It’s been just thirty years since the first exoplanet was scientifically detected. At the time of this publication, astronomers have added 3,767 to the list.
Most of these far off planets are cruel and inhospitable places, but a few of them may have just the right conditions to harbor life. That is, they’re not too hot and not too cold for liquid water to exist. Like Goldilocks picking porridge, scientists think conditions have to fall between two extremes for life to take hold.
At its core, the search for exoplanets is the search for habitable exoplanets and a new system developed by astronomers at Columbia University may help made that hunt easier. Using machine learning algorithms, the researchers were able to make better predict about whether certain exoplanets could survive in stable orbits.
The work focused on “Tatooines,” or exoplanets that orbit two stars, much like Luke Skywalker’s desert home planet in Star Wars. These circumbinary planets, as they’re more formally known, can undergo huge orbital changes as they’re tugged between stars, sometimes causing them to get ejected from the system all together or crash into one of their host stars.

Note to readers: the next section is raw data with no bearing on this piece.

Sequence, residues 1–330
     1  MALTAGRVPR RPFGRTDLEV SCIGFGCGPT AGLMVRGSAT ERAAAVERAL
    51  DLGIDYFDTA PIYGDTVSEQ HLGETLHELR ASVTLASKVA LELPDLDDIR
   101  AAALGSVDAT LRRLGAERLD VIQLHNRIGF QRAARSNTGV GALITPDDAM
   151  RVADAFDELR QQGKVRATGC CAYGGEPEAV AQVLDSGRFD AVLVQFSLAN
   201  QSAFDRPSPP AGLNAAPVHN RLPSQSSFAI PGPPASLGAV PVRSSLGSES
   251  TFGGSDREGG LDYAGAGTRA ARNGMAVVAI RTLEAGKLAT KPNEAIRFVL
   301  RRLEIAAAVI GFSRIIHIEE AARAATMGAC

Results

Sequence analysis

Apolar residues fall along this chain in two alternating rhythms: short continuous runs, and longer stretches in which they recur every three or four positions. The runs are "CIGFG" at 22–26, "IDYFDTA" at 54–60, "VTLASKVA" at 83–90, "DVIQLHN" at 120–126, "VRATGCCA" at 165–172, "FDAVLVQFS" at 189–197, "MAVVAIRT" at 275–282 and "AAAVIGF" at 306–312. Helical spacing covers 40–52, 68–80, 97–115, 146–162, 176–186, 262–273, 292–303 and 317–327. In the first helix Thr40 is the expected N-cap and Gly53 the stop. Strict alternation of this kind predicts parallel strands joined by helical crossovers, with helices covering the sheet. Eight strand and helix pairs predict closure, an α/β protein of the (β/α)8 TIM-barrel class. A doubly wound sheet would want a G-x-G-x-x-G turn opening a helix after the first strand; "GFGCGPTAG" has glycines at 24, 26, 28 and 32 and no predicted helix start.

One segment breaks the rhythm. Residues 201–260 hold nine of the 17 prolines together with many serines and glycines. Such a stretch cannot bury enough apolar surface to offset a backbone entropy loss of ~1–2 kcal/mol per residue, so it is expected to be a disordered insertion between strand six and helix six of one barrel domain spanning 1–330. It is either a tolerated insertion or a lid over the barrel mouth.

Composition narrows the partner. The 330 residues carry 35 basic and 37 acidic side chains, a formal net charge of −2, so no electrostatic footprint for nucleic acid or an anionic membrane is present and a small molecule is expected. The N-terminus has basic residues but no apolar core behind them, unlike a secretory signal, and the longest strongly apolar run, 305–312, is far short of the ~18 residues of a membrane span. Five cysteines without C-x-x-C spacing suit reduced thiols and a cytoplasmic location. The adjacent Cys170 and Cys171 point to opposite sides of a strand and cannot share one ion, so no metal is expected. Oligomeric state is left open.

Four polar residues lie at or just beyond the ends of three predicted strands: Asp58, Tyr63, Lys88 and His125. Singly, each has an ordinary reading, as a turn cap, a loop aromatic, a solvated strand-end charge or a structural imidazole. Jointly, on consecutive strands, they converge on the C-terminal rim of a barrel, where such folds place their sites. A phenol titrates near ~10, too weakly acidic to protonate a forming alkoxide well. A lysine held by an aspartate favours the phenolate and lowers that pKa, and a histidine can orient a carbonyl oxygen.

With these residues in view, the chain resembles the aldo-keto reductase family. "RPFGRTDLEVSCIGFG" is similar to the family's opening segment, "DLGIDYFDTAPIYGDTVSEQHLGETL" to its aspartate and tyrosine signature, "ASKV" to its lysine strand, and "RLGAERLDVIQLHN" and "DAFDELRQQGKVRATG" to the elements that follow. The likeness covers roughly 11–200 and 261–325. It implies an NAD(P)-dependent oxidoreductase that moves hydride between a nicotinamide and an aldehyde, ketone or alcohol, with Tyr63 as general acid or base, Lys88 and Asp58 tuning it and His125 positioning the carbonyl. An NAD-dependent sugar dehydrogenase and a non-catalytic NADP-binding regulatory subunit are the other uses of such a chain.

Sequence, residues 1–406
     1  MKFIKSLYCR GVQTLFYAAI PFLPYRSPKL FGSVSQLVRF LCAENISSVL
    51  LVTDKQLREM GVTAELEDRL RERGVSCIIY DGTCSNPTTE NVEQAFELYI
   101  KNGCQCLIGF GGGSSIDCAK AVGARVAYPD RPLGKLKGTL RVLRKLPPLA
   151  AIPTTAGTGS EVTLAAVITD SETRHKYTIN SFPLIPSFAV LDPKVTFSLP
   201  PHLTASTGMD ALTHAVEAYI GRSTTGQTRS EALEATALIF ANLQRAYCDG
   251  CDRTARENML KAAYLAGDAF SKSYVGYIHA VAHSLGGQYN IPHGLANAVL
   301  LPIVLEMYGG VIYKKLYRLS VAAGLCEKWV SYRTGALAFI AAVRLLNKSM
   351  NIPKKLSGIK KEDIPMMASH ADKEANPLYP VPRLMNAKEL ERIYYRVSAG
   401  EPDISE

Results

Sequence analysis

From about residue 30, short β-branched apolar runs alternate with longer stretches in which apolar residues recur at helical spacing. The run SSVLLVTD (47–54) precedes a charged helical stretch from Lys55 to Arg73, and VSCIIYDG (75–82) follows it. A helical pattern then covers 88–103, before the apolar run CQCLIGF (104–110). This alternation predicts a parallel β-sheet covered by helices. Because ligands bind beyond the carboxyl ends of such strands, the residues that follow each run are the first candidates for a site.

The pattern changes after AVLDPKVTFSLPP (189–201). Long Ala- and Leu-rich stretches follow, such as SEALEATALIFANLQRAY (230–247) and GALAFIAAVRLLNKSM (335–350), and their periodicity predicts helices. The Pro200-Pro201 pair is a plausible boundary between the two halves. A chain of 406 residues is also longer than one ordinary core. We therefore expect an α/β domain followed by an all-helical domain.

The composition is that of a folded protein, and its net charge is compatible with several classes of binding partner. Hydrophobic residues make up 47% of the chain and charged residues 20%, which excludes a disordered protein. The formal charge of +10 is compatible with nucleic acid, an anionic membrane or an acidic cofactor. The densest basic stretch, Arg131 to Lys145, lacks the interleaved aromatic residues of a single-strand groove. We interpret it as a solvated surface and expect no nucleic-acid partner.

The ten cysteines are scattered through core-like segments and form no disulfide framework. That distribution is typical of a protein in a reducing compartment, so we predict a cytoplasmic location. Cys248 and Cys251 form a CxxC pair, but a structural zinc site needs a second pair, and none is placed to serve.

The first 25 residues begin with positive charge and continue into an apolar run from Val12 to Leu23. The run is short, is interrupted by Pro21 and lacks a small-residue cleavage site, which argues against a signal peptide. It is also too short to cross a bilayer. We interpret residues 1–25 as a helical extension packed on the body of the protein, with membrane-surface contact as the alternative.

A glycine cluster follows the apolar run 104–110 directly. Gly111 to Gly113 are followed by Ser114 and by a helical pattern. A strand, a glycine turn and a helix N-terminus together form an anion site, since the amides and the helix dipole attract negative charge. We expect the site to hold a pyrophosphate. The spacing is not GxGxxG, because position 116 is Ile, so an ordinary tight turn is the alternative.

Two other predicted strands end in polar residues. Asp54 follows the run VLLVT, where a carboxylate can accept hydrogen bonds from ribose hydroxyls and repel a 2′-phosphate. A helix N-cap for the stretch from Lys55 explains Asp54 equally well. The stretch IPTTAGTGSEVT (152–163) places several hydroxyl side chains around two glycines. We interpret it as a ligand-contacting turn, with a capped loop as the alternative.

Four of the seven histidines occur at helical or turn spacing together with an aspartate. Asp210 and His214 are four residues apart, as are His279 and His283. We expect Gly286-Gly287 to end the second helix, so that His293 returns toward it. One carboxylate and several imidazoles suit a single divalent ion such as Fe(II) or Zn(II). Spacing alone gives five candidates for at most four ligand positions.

There’s an equation out there that astronomers use to determine longterm stability of a circumbinary planet, but lead researcher Chris Lam explained that it doesn’t give an accurate answer in all circumstances.
“The trouble is that motion becomes what physicists and mathematicians call ‘chaotic’ when you have three or more bodies in a system,” Lam, a recent graduate of Columbia University, told Digital Trends. “So there are some boundary cases where the equation predicts an unstable system where it’s stable and vice versa, and we honed in on that as something a neural network could potentially address.”
Predicting whether or not a planet gets flung out of its solar system may seem like little more than a galactic drinking game, but it actually determines life’s ability to exist. It takes billions of years for life as we know it to establish. There’s no hope for life on a planet floating aimlessly through space.
So to determine whether or not a Tatooine has survivability potential, Lam and his colleagues built a machine learning algorithm, which they trained on ten million simulated Tatooines. After a few hours and a bit of tuning, the system was able to outperform the conventional equation on “all metrics,” Lam said.
A paper detailing the study was recently published in the journal Monthly Notices of the Royal Astronomical Society.
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